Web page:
The battle to install a defibrillator in Bolton town centre continues after Bolton Council rejected the plans.

Greater Manchester Combined Authority is working to create communication hubs across the region, including in Bolton, which would include the life-saving equipment.

The hubs will also allow people to make free landline calls to charities, to use wi-fi and to charge their devices.

Company JCDecaux has been working with the Greater Manchester Combined Authority to install the hubs.

An application was put forward to have one in Newport Street in the centre of Bolton.

However the local authority rejected the plans.

An appeal was launched against the decision earlier this year.

However this was rejected.

Now JCDecaux has launched a fresh appeal against the decision.

One person who has been vocal in support of the plans is Claire Axon and has worked to have defibs installed across the borough.

Her husband Neil died in 2012 after collapsing due to a result of a genetic condition he did not know he had.

Following this the mum from Little Lever has worked to have the lifesaving kits set up and raise awareness of CPR.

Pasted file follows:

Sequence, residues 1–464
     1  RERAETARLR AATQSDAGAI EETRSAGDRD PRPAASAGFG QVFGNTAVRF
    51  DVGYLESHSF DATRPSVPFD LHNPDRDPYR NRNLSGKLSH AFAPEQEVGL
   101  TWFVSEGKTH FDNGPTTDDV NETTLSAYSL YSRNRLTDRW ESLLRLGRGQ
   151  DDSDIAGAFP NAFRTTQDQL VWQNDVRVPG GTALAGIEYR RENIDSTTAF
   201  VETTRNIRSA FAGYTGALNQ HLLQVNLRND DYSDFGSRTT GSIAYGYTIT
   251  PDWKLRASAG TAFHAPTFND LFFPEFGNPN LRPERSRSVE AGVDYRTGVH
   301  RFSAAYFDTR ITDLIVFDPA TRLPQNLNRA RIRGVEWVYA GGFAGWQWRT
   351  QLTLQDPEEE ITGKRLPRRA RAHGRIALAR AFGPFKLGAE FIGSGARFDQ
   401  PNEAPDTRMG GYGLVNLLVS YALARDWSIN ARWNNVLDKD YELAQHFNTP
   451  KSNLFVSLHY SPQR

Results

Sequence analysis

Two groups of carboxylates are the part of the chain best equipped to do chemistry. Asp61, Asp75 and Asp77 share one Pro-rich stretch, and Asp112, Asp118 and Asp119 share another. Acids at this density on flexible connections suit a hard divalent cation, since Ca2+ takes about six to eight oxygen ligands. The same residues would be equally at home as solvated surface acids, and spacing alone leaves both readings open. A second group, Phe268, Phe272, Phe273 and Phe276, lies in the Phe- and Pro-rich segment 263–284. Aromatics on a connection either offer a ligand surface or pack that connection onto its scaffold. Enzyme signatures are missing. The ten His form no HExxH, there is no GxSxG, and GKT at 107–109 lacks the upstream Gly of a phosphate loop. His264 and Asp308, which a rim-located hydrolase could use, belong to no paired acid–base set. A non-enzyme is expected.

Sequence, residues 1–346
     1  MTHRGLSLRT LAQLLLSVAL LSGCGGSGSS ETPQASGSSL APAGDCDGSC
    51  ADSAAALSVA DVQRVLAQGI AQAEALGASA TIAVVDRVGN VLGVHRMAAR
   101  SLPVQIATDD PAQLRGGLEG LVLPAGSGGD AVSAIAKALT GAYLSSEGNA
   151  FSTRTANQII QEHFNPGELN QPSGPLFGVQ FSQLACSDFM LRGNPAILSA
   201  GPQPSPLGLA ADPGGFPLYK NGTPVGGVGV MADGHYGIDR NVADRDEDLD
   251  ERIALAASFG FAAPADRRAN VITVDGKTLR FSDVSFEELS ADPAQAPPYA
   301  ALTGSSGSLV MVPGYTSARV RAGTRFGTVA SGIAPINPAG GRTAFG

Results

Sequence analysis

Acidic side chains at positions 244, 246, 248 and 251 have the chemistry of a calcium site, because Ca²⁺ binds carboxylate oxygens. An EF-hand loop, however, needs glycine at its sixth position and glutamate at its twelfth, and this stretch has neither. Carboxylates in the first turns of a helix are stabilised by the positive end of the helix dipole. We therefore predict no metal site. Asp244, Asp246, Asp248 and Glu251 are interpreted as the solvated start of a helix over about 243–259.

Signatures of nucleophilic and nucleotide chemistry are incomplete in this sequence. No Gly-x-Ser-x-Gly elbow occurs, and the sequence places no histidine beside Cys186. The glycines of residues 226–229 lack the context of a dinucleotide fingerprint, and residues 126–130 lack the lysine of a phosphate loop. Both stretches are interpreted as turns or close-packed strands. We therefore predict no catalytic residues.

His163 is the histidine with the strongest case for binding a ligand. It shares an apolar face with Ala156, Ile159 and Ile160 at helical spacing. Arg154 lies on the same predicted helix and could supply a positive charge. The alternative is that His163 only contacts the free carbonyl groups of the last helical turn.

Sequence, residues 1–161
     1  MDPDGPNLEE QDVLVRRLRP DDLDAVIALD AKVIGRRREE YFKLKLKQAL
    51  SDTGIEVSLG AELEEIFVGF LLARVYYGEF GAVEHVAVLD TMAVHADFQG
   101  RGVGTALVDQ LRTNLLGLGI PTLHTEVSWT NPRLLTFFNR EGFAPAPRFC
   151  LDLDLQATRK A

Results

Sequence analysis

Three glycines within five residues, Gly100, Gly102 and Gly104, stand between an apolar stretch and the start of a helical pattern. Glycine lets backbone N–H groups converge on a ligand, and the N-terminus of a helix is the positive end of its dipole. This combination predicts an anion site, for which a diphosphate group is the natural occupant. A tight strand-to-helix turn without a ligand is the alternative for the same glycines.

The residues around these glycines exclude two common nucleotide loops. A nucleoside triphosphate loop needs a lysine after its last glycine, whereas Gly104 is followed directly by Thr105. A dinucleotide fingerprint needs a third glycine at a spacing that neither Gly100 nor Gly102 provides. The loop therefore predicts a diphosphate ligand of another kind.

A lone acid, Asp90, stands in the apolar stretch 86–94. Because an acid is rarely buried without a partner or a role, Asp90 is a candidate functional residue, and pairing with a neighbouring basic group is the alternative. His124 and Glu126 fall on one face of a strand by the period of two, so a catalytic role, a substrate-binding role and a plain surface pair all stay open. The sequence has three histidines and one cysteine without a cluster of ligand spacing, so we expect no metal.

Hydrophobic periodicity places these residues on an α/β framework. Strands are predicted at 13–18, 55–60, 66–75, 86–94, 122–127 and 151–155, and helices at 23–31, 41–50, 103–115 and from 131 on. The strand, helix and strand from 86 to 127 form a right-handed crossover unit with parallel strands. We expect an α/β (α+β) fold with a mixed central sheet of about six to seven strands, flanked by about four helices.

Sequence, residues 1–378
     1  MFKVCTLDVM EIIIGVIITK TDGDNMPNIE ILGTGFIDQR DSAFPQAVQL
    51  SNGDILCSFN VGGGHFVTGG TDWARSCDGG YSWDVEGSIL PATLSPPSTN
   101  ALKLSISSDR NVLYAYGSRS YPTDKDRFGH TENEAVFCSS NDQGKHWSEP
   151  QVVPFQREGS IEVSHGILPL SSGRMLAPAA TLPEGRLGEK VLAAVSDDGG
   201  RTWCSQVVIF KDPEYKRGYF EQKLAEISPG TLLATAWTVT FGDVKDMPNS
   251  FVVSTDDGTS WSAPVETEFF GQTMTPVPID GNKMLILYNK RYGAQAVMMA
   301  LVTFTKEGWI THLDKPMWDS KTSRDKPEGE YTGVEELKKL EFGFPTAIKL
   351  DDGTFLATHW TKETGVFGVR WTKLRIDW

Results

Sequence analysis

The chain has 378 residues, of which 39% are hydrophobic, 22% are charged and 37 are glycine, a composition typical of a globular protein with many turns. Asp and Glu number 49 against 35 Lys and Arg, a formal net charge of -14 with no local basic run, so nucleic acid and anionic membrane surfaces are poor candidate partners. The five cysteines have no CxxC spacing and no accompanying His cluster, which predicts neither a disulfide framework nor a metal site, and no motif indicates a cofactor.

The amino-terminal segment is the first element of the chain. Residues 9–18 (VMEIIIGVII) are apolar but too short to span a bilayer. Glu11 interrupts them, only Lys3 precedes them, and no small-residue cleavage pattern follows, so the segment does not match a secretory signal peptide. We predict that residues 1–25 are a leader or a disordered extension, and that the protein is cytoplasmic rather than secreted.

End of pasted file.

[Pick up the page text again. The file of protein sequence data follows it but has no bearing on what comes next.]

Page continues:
She said: “Defibrillators in our community are vital.

“At the end of the day the are the difference between somebody living and dying.

Defibrillators give somebody the best chance of survival.

“We know that giving CPR to somebody gives then a six per cent chance of survival but with a defibrillator this rises to 74 to 76 per cent.

“We wean them in as many places as possible.”

A decision notice from Bolton Council stated in respect of its rejection of the plans: “Comments from the town centre manager indicate that there is no need for additional defibrillator access in the proposed area and this does not outweigh the harm to the street scene or character of the conservation area.”

Earlier this year campaigners  called for more equal access to defibrillators after research showed people in more deprived areas are further away from the life-saving equipment.

The British Heart Foundation said quick access to the equipment which can aid cardiac arrest victims at any time of the day is “crucial”.

Every minute of delay between a cardiac arrest and defibrillation reduces the chance of survival by up to 10 per cent, the charity said.